Australian university groups dispute ‘academic freedom’ definition

Proposed definition could provide get-out-of-jail-free card for ‘rogue academics’, some claim

March 2, 2020
Source: Getty

Australian university groups have mounted a rearguard action against part of education minister Dan Tehan’s plan to enshrine academic freedom in legislation.

Umbrella group Universities Australia (UA) has warned of “unintended consequences” from the proposed insertion of a definition of academic freedom in the Higher Education Support Act (HESA).

In a submission to the Department of Education, UA stresses its support for the government’s “policy intent”. However, it says, an all-encompassing definition of academic freedom would undermine universities’ institutional autonomy.

The definition would also be inconsistent with the recommendations of reviewer Robert French, who proposed more robust safeguards for freedom of speech and academic freedom but emphasised that they should be voluntary for universities and not imposed in legislation.

The UA submission also highlights problems with the proposed definition, particularly the fourth of seven bullet points. That entry outlines an essential element of academic freedom as the “freedom of academic staff, without constraint imposed by reason of their employment by the university, to make lawful public comment on any issue in their personal capacities”.

UA says this precondition runs the risk of “conflating some elements of academic freedom with freedom of speech”.

Innovative Research Universities (IRU) executive director Conor King, who has also raised objections to the proposed definition, said it could lower the bar on academic standards.

“Freedom of speech need have no academic rigour,” Mr King said. “With academic freedom, there’s meant to be a connection to [your] academic skill, knowledge and expertise. Freedom of speech is about a broader [right] to say what you believe and feel, as opposed to what you’ve rationally thought through.”

In its submission on the proposed legislation, the IRU warns that the fourth bullet point could provide “rogue academics” with “undue protection” from the usual standards of academic scrutiny and rigour.

“When challenged about inaccurate statements or research, the proposed wording would seem to allow any academic to defend themselves by claiming to have been acting in a personal capacity rather than a professional one.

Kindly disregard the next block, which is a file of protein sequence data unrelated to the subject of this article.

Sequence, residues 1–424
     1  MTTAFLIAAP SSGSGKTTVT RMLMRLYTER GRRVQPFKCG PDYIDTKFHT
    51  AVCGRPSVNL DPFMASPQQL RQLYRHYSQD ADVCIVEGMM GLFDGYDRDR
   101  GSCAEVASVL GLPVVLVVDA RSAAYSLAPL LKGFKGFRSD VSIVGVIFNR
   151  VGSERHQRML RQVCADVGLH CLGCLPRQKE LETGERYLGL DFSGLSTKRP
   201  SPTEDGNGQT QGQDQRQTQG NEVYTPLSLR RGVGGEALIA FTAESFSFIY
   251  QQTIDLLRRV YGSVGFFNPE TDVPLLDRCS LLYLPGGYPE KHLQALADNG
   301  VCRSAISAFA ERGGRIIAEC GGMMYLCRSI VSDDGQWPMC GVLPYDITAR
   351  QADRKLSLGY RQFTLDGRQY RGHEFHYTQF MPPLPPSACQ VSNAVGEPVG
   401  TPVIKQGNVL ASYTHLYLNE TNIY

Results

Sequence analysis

“A university academic would [seem to] be within her or his rights to publicly declare they hold a racial, sexuality or gender prejudice against students they are teaching. They would seem to be able to defend themselves by claiming to have spoken in a personal capacity, not an academic one,” the IRU said.

The submission says there is no need to define academic freedom in legislation because it is a “well-known concept” specified in various ways in university policies and enterprise agreements − many of which were updated before the government floated the HESA amendment.

“A legislated definition would place heavy weight on a specific set of words, not the evolving application of the core concept,” the submission says.

UA chief executive Catriona Jackson said she supported the government’s proposed change to HESA’s objects, with a reference to “free intellectual inquiry” replaced by the term “freedom of speech and academic freedom”. The IRU also supports this change, but both groups oppose defining “academic freedom” in the act.

The IRU said that if the government insisted on including the definition, bullet point four should “be removed in its entirety”.

john.ross@timeshighereducation.com

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Reader's comments (2)

Many years ago I was a Lecturer at an Australian University and Freedom of Speech was fundamental to the University's Rules and Regulation. However, when I refused to take bribes from Overseas Students and expressed my opinion on The ABC Radio program, the hierarchy discriminated, abused, threatened, harassed, and bullied me, and finally forced me out of the system because I "was not one of the group taking bribes". Even the Vice-Chancellor was taking bribes along with many other senior staff. Freedom of Speech at Australian Universities is meant to support those people who are prepared to follow the crowd and express themselves in accordance of the wishes of the hierarchy. This includes bribary and corruption, cheating, sexual favours, free holidays etc.
It is perhaps worth noting in the context of this story that the current president of the IRU group is Eeva Leinonen, VC at Murdoch University. Murdoch University is currently in a legal dispute with Gerd Schröder-Turk following his whistle-blowing on ABC's 4 Corners re international student recruitment.

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